Match Point

I’m coming out of my building and there’s a young boy lighting matches.

“Hey kid, what are you doin there?”


“Are you playing with matches?”

He thrust them in his pocket.

“Comere, I want to talk to you.”

He took off like a shot with me in hot pursuit.  Couldn’t have more than eleven, and my instincts for trouble took the lead.

You never know how fast you can run until you need to.  Why did I chase him?  There has been so many fires in the 5 boroughs of New York lately it’s chilling.  Seven kids died because of a faulty hotplate in Brooklyn just a month ago.  Fire scares the hell out of me, and my own truant tendencies knew this little fucker was up to no good.

As I ran after him, Peter the doorman was standing outside. “What’s the matter Susannah?”

“Stop that kid,” I screamed.  So without missing a beat he grabbed him by his waist.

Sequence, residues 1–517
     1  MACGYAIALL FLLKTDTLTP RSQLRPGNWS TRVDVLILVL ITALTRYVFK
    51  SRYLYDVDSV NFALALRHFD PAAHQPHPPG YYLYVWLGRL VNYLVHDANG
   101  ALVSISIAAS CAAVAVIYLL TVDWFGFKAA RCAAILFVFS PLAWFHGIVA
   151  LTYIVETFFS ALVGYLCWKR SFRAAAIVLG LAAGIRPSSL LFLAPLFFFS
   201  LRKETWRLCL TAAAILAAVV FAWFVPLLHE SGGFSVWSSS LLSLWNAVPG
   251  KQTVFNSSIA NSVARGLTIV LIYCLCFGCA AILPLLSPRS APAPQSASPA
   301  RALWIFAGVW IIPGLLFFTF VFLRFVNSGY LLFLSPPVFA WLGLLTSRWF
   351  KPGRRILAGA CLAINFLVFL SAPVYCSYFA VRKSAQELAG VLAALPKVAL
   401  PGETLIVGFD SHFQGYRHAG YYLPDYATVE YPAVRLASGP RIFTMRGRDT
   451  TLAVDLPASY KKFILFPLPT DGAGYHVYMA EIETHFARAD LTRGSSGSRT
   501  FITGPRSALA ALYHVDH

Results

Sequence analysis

The kid squirmed like a fish on a hook, but Peter, no slouch, held firm.

“No one’s gonna hurt you, ” I said, “but I want to know what are your plans for those matches?”

Are all of you ready for this?  He spit at me – a big wad of saliva soaking my right cheek.  Before I could even move, Peter went into action.  “Hey you little shit, would you rather we call the cops so you can talk to them?”

I knew a frightened boy when I saw one, so I wiped my face off and tried to be kind, as difficult as it was.

“You were standing in front of my building lighting matches.  Why were you doing that?”

He shrugged.

“Look, you can’t play with matches.  You could hurt yourself.  You could hurt me or someone else.”  He was a kid from another neighborhood alright who looked as if he hated the one he was in.  The assumed opulence maybe?  Knowing it was an affluent part of town?  I don’t know, but he had the smell of mischief sprayed all over him.

“You apologize for spitting at her,” said Peter all but unraveling.

“You wanna hot chocolate so we can talk?” I thought Peter was going to faint.  I waved his disapproval away.

“Come on. You can tell me your story.”

The minute Peter let him go he ran like a scared rabbit.  We watched as he careened in and out of traffic like he’s done it a million times.